While there is no substantial evidence that diet causes Attention Deficit Disorder (ADD), research suggests that dietary changes can improve the symptoms.
Before anything else, ADD is an outdated term. It’s important to know that the official medical term of the condition is ADHD, even though the person doesn’t demonstrate hyperactivity.
Nutrition and Behavior
There are extensive studies about the link between food and behavior. So far, nothing directly points at food to cause ADHD.
However, certain foods affect behavior. Caffeine, for example, increases alertness, and alcohol can loosen inhibitions. Studies suggest that increased consumption of vitamins, minerals, and essential fatty acids may diminish anti-social behavior.
Poor nutrition can slow down brain processing, resulting in aggressive behavior.
Because of this, people diagnosed with ADHD are encouraged to adopt a healthier diet.
Recommended Foods for ADHD
The key is to stabilize energy and blood sugar levels when planning a diet for an ADHD patient.
Protein is an essential component for neurotransmitters, which help brain cells communicate with each other. A high-protein diet may improve concentration and amplify the effects of ADHD medications.
Some common protein sources include meat, eggs, cheese, beans, and nuts.
Omega-3 Fatty Acids
Many experts say that anything good for the brain is likely good for ADHD.
Omega-3 fatty acids may reduce inflammation throughout the body, including the brain. This means eating fatty fish, walnuts, and chia seeds may improve symptoms of ADHD.
According to a study published in the Journal of Child Psychology and Psychiatry, children who received omega-3 supplementation had improved concentration, self-control, and memory.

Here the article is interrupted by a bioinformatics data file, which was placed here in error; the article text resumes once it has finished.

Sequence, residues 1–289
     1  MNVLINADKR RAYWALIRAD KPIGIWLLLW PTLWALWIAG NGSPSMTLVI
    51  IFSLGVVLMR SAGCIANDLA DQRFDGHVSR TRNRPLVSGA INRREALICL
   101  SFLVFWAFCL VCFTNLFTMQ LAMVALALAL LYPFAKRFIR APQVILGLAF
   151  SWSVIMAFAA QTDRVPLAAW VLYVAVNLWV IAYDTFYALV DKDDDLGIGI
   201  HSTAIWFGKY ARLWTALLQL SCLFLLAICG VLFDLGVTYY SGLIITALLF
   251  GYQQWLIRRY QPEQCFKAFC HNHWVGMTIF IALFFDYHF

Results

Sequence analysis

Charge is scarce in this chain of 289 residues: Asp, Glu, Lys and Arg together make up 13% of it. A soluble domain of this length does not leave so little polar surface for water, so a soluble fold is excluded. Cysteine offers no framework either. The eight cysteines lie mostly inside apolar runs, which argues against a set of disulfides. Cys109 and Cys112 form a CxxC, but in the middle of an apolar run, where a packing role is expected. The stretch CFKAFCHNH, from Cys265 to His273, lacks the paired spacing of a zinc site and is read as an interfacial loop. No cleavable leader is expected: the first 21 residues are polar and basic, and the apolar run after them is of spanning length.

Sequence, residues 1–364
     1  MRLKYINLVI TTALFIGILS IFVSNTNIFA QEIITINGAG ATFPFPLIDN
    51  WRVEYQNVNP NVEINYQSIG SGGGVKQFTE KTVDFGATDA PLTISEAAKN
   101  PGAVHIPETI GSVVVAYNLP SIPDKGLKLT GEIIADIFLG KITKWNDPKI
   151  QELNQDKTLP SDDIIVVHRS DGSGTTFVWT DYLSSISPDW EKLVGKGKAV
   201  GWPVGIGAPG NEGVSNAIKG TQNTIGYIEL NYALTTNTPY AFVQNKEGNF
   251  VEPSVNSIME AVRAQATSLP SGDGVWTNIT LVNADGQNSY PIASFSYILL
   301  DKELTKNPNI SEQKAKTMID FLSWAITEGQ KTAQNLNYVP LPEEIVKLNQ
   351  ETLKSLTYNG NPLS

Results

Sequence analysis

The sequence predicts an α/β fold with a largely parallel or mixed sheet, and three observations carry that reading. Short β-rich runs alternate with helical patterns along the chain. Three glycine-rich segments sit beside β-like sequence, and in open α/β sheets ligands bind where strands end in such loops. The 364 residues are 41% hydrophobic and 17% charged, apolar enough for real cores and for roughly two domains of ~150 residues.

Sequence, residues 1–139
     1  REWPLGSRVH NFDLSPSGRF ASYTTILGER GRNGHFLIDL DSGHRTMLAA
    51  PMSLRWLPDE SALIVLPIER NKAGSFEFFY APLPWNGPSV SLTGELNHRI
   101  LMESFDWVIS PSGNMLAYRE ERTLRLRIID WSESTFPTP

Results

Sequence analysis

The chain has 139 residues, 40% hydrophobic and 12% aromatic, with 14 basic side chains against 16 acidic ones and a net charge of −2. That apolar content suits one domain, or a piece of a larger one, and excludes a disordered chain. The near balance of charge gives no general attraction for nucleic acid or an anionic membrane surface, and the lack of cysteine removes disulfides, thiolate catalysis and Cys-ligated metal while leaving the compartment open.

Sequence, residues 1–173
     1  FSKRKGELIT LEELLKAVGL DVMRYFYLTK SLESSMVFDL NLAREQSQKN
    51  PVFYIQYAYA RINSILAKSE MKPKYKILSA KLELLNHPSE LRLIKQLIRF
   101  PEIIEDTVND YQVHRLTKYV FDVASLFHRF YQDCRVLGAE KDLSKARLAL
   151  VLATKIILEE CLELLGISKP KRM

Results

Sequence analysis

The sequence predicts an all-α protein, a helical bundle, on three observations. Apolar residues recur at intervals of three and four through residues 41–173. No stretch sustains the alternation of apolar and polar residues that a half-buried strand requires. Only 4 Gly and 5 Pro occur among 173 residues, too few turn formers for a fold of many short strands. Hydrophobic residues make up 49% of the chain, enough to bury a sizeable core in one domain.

Vitamins and Minerals
Some studies link micronutrient deficiency with ADHD. However, it’s still unclear whether this increased consumption of micronutrients may improve ADHA symptoms.
“It’s important to point out that iron deficiency can cause headaches, shortness of breath, and extreme fatigue—all of which can exacerbate ADHD symptoms. Low zinc and magnesium levels can make a person more prone to irritability and hyperexcitability.”, says Luke Wood, a nutrition consultant at Monkey Foodz.
Nonetheless, these are essential nutrients, and moderate consumption is more likely beneficial to anyone.
What to Avoid?
Limiting sugar intake does not only help control ADHD symptoms; it can also reduce the risk of obesity, diabetes, and tooth decay.
Some research indicates that small intakes of caffeine may improve concentration levels, but this should be approached with caution. People who are taking ADHD medications are advised to avoid caffeinated drinks altogether.
The American Academy of Pediatrics (AAP) warns parents about the potential effects of artificial additives because studies show these can interfere with hormonal movement and overall growth and development.
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